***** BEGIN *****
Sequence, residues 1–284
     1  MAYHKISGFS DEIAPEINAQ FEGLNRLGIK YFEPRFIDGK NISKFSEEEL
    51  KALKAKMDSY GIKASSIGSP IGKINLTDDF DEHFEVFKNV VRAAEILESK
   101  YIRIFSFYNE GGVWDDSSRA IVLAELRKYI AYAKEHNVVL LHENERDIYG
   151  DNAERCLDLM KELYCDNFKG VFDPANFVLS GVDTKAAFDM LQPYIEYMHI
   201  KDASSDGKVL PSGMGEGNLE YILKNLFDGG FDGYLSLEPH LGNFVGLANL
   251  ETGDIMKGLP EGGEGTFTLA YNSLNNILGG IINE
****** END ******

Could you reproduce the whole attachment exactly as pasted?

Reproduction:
Sequence, residues 1–284
     1  MAYHKISGFS DEIAPEINAQ FEGLNRLGIK YFEPRFIDGK NISKFSEEEL
    51  KALKAKMDSY GIKASSIGSP IGKINLTDDF DEHFEVFKNV VRAAEILESK
   101  YIRIFSFYNE GGVWDDSSRA IVLAELRKYI AYAKEHNVVL LHENERDIYG
   151  DNAERCLDLM KELYCDNFKG VFDPANFVLS GVDTKAAFDM LQPYIEYMHI
   201  KDASSDGKVL PSGMGEGNLE YILKNLFDGG FDGYLSLEPH LGNFVGLANL
   251  ETGDIMKGLP EGGEGTFTLA YNSLNNILGG IINE